Glycine toxicity and TURP syndrome

Glycine toxicity is a potential complication associated with its use as a non-conducting irrigation fluid during Monopolar Trans Urethral Resection of the Prostate (TURP). This technique is still performed in some hospitals. While glycine toxicity is rare in current practise, the risk of its occurrence was highlighted recently in a reported case to ANZCA.  

Like water, glycine solution is hypo-osmolar and when absorbed over a period of time during the procedure can contribute to hyponatraemia, which is the essential cause of TURP syndrome. Glycine toxicity results when an excessive amount of glycine is absorbed. The amino acid’s action as an inhibitory neurotransmitter at the GABA receptors, paradoxically, potentiates NMDA receptors.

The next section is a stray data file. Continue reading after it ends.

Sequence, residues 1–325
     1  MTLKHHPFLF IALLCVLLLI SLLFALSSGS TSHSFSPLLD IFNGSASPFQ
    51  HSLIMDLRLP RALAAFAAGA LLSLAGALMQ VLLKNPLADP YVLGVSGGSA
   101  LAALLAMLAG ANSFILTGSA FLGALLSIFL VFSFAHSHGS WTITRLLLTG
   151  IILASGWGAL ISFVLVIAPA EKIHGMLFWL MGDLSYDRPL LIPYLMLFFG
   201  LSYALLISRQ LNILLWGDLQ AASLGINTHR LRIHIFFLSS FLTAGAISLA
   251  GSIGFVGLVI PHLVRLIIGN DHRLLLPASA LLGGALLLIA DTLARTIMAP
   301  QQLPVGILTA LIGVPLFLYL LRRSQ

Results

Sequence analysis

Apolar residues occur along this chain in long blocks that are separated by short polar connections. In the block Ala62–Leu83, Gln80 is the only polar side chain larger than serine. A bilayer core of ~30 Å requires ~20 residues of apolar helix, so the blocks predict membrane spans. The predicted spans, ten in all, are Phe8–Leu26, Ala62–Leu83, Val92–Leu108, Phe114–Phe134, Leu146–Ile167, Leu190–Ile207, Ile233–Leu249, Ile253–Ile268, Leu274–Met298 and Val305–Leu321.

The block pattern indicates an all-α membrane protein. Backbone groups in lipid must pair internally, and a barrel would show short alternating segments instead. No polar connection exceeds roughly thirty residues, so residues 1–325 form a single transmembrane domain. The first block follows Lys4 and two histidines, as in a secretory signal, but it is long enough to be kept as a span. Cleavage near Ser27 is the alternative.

In addition to central nervous system toxicity, glycine has cardio-depressant effects and may cause renal toxicity. A by-product of glycine metabolism is ammonia, high levels of which may also cause encephalopathy.  

ANZCA would like to remind anaesthetists of the need to moderate the duration of TURPs using monopolar diathermy and the volume of glycine solution used. The choice of irrigation solution should be checked pre-operatively with the surgeon or theatre nurse. 

An article about glycine toxicity, authored by Dr Joanna Sutherland was published in the Spring edition of the ANZCA Bulletin

Last updated 15:01 13.10.2023